Ueh... Ok this is going to be fun, here we go.... Today I wanted to blog about (October14) National Chocolate Covered Insects Day. But to kill 2 birds with one stone I also wanted to post my recipe choice & cookbook choice for the cookbook party at "Months of Edible Creations." (her rules)
Here ya go Louise... giggle~ I'm entering a Crispy Crickets recipe that can accent any fabulous recipe from "The Eat A Bug Cookbook!" And the best part is... it fit's into ALL the food holiday categories.
Eat-a-bug Cookbook: 33 ways to cook grasshoppers, ants, water bugs, spiders, centipedes, and their kin
Recipe: Crispy Crickets
Preheat the oven to 225 degrees. Strip the antennae, limbs and wings (if any) from 20 to 30 clean, frozen adult crickets, or 40 to 60 cricket nymphs. Spread the stripped crickets on a lightly oiled baking sheet and place in oven. Bake until crickets are crisp, around 20 minutes. Yield: one cup. Sprinkle these on salads or put them through a coffee grinder to turn them into bug "flour." You could even combine the crickets with Chex Mix for a protein-rich snack.
- Sprinkle in chili for Chili Month!
- Fold in cookie dough for Cookie Month!
- Surprise the kids by serving for Cool Food for Kids Month!
- Bugs are nutritious! Serve for Eat Better, Eat Together Month!
- Sprinkle on pizza in honor of Pizza Month!
- Stir in pasta salad in honor of Pasta Month!
- Popcorn is Popular in October so mix them in!
- Cook in sausage recipes to add more ump!
- Pork is plumper with protein crickets!
- Spinach is spectacular with crunchy crickets.
Chocolate Covered Grasshoppers
2 Squares of semisweet chocolate
25 dry-roasted crickets and/or grasshoppers with legs and wings removed.
Melt chocolate as directed on the box. Dip insects in chocolate place on wax paper and refrigerate.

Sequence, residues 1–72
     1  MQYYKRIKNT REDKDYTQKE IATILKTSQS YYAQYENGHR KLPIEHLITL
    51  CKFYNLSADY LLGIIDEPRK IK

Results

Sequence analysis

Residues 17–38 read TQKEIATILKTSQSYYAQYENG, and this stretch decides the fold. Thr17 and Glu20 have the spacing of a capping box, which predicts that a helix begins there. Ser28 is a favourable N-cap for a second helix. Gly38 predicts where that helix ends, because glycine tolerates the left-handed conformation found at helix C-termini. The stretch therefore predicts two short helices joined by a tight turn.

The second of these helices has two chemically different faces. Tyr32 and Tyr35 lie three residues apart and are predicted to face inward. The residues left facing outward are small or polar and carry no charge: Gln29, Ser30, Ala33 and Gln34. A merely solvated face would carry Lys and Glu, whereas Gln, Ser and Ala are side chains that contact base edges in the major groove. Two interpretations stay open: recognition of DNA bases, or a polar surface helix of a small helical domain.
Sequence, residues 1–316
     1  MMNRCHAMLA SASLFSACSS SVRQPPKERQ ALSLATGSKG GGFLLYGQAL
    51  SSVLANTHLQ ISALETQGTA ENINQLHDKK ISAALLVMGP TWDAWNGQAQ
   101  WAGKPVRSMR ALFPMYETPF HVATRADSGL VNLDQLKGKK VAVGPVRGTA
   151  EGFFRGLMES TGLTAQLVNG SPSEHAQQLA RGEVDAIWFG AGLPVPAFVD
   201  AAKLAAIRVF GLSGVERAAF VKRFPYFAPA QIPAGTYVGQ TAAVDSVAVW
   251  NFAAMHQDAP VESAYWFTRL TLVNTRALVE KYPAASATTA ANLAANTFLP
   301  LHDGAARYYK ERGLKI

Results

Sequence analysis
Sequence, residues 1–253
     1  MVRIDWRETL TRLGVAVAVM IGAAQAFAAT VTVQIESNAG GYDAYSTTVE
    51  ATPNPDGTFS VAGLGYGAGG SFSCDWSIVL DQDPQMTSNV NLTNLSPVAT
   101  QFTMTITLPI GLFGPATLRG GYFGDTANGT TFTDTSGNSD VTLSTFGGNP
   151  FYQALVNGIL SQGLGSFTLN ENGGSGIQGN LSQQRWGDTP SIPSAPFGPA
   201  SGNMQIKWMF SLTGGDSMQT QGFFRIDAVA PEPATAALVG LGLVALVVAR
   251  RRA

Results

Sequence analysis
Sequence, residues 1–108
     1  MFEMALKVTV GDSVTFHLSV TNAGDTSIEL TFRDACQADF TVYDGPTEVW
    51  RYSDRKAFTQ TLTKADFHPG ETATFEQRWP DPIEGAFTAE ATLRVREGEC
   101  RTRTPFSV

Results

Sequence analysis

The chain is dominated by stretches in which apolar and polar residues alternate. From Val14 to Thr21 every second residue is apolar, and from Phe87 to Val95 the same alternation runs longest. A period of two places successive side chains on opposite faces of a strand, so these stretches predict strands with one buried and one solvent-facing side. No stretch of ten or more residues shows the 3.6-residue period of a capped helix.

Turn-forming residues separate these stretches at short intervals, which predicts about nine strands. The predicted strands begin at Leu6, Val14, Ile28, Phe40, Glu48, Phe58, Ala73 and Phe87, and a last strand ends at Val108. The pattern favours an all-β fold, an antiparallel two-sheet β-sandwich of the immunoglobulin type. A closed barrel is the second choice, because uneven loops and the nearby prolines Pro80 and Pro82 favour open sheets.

Chocolate Covered Grasshoppers
The book has recipes that are organized by bug and it says how to store the insects. Some of the insects are crickets, grasshoppers, locusts, termites, ants, and bees. There is also a list of references, places to purchase insects, and organizations that put on insect events at which bugs are available to sample. The book says that U.S. Food and Drug Administration allows as many as 56 insect parts in every peanut butter and jelly sandwich, up to 60 aphids in 31⁄2 ounces of frozen broccoli, and two or three fruit-fly maggots per 200 grams of tomato juice.
David George Gordon, author of The Compleat Cockroach, says eating protein-rich bugs is good for you ("Crickets are loaded with calcium, and termites are rich in iron), and good for the earth ("Raising cows, pigs, and sheep is a tremendous waste of the planet's resources, but bug ranching is pretty benign"). After all, what's inherently more disgusting about eating a grasshopper than, say, an oyster? Gordon enthusiastically provides recipes for terrestrial arthropods gleaned from the entomophagic appetites of people around the world, telling you which insects are most delicious and which to avoid, how to cook them, and which wine to drink with your many-legged meal. The recipes themselves are clear, easy to follow, and quite educational, with sidebar tidbits about the bugs you're about to eat. Gordon divides the recipes into sections by type of insect, be it grasshoppers, social insects, or "pantry pests." And, of course, he provides a list of places where you can order your edible insects and tips for catching your own. The Eat a Bug Cookbook is a sure kitchen conversation piece--even if you never try Three Bee Salad or Chocolate Cricket Torte, you'll laugh out loud, squirm uncomfortably, and lick your chops while taking this deliciously creepy culinary tour. --Therese Littleton
When I was about 10 years old.... I remember my Uncle Carl coming to visit and as a treat he brought the family a big box of chocolate candy. Mother made coffee for the adults and served glasses of milk to us kids as we ate the whole box of candy. At the time we didn't understand why Uncle Carl wouldn't eat any chocolate because he loved chocolate. He just told us, no I brought that chocolate for yall to eat. After the whole box was devoured he busted out laughing then flipped the empty box over to show us the writing on the bottom. It said... "Chocolate Covered Insects."
There ya go! Chatting about eatin' bugs was a bit of fun for today. I could never bring myself to eat bugs knowingly but more power to those who can. If you've ever at bugs before or plan on eating chocolate insects in honor of chocolate covered insects day, let me know. :)
The Wall Street Journal: The Six legged meat of the future.
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